Moving ahead

School Girl's Glen, Ann Arbor.

School Girl’s Glen, Nichols Arboretum. (Image courtesy of U-M’s Bentley Historical Library.)

All this has caused me to think about continuity, the ways we move ahead. When roads diverge or prove impassable, we need to make a judgment about how and where to proceed. Dante Alighieri, at the start of his Inferno, found the straight and narrow path a jumble and confusion. He writes in the middle of the road of our life “la diritta via era smaritta,” which can be translated loosely as “the straight road was blocked.” Another way of putting it is: “Where to from here?” We all, at some point on the journey, must ask ourselves the same. Robert Frost asserted, in The Road Not Taken, “I took the one less traveled by/ And it has made all the difference.” And when the path disappears or crumbles away — as the residents of Princeville and Big Sur have learned to their discomfiture — “You must change your life.”

This last, too, is a great instruction from a great poet, Rainer Maria Rilke (1875-1926).  At the end of his sonnet Archaischer Torso Apollos, he moves from a close examination of ancient statuary to address the reader directly, declaring we “must change.” The technical term for Rilke’s shift is volta, not so much a reversal as a turn. And since I’m a writer quoting writers, I find these lines a kind of commentary, also, on the process of revision. We write a sentence or a paragraph or a page and come to a dead end. We labor up a slope and find, to our sorrow, it drops suddenly off. That beautiful beckoning vista becomes a kind of wasteland: a character ill-conceived, an action misdirected, a piece of dialogue that tumbles down a cliff . . .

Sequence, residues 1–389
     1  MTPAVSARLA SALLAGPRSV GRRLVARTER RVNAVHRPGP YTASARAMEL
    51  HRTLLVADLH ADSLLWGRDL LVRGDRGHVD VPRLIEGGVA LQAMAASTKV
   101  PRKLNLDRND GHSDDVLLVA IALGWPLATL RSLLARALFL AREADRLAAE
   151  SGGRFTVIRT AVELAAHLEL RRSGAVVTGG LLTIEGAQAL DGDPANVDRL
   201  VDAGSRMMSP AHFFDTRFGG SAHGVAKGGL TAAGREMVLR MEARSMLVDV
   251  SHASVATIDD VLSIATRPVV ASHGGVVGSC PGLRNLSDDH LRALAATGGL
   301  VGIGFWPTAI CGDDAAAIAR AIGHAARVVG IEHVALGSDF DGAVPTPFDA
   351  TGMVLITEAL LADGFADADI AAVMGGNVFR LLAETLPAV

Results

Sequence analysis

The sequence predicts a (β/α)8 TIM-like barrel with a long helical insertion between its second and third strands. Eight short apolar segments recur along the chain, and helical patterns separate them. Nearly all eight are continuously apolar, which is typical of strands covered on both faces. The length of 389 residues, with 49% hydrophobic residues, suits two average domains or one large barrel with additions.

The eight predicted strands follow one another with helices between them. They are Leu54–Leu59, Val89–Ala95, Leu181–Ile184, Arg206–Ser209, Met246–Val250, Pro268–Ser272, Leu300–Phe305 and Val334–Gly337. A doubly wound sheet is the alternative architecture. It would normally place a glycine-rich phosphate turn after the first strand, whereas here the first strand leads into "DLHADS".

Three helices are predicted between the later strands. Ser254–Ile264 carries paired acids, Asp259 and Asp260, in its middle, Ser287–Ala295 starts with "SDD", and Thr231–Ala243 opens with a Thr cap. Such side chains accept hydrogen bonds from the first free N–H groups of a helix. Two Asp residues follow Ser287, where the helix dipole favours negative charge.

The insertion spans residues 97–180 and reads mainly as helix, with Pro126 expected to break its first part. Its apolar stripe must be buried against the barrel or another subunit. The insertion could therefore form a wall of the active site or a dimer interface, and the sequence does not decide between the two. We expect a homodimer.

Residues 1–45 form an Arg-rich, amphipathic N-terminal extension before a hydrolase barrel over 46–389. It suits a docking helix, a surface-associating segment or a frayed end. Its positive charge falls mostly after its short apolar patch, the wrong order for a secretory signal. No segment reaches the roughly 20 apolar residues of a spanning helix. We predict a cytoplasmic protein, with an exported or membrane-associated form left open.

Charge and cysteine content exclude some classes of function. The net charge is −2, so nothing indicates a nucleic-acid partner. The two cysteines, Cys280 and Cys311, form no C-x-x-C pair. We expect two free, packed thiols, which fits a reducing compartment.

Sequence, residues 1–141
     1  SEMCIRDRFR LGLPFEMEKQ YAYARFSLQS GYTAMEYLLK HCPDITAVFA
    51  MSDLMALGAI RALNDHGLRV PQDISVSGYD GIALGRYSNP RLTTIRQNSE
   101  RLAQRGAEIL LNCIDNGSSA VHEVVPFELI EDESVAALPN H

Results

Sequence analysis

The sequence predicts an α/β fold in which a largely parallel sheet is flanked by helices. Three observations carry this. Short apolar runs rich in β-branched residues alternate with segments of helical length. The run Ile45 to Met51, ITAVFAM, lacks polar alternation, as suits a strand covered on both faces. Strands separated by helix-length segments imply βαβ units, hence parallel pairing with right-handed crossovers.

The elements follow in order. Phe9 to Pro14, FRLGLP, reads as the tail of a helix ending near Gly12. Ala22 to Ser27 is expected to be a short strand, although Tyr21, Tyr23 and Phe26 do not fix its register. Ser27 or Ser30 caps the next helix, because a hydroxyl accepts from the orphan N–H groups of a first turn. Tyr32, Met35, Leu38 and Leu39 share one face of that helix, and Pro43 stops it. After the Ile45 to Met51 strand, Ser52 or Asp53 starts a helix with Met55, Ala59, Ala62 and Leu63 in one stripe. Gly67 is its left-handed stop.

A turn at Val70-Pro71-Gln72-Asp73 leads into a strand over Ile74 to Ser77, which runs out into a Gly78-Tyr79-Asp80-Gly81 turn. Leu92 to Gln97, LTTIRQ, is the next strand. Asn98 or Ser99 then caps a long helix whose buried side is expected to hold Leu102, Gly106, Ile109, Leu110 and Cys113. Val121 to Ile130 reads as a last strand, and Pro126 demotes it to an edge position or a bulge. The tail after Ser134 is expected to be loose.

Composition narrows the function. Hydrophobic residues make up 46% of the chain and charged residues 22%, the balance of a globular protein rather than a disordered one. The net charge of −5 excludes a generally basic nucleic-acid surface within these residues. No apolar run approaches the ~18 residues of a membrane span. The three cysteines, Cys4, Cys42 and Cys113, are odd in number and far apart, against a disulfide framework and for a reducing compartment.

A set of locked doors

Auguste Rodin's rendering of the Gates of Hell.

Auguste Rodin’s ‘Gates of Hell.’ (Wikipedia.)

Painfully, we start again. Word by word we reconstruct. I commenced these musings with the image of a broken road; let me continue in that vein and render the barrier real. The dream our present President invokes is — as opposed to Eisenhower’s — that we not build roads, but rather a wall. Where once the ideal was expansiveness, inclusiveness, a way of crisscrossing the nation and connecting east to west, (as had been the case, a hundred years before, with the transcontinental railroad) we now are told from the bully-pulpit that the way to solve our woes is to say: “The road is closed.” The sign above the Gates of Hell is — again, with a cap-tip to Dante — “Abandon All Hope, Ye Who Enter Here.” Now that sign has been rewritten to declare: “Ye Who Try to Enter Here!”

For the citizen — or writer — such a statement is an admission of failure, and I think of all those other signs (Yield, Proceed with Caution) that argue a brave willingness to keep on keeping on. Without that willingness, a sentence means — as in its other usage — penal confinement, a set of locked doors.

Good fences make good neighbors, yes, but borders are meant to be crossed.